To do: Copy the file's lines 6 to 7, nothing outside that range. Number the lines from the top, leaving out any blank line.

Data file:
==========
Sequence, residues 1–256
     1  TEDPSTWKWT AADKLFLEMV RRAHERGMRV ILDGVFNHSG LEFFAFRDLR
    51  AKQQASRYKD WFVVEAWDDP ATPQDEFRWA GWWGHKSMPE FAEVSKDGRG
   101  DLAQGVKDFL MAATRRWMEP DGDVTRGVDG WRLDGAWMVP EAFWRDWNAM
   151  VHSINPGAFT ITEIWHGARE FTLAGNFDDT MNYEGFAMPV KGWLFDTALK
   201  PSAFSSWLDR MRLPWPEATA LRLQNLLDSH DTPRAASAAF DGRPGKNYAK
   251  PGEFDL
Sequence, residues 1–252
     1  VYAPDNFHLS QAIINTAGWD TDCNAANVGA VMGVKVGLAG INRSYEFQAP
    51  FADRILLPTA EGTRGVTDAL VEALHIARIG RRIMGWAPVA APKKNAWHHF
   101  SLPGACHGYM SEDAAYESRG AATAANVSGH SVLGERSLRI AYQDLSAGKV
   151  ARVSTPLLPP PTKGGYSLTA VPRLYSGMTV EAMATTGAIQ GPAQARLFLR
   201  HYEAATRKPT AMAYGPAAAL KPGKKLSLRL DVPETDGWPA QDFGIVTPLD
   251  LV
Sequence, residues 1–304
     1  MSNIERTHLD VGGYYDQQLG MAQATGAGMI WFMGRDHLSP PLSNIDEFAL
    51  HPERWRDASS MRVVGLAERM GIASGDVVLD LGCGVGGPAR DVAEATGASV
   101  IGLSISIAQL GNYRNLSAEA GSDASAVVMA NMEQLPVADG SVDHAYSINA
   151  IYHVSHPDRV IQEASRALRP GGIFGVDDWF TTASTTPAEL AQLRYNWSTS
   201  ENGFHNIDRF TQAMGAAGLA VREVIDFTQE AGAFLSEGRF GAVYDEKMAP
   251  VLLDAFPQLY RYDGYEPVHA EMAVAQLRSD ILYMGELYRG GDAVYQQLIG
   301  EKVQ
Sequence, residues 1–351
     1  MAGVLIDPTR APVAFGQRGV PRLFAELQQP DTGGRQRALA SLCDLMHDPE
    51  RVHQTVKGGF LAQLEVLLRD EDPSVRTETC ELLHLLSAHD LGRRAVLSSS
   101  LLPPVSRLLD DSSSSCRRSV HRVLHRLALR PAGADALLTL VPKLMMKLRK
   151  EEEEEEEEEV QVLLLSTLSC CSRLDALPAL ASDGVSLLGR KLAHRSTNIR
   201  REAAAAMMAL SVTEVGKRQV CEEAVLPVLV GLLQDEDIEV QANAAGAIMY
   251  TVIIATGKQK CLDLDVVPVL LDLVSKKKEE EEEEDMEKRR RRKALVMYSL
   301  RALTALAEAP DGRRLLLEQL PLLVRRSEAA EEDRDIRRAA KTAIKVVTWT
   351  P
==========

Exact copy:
   201  PSAFSSWLDR MRLPWPEATA LRLQNLLDSH DTPRAASAAF DGRPGKNYAK
   251  PGEFDL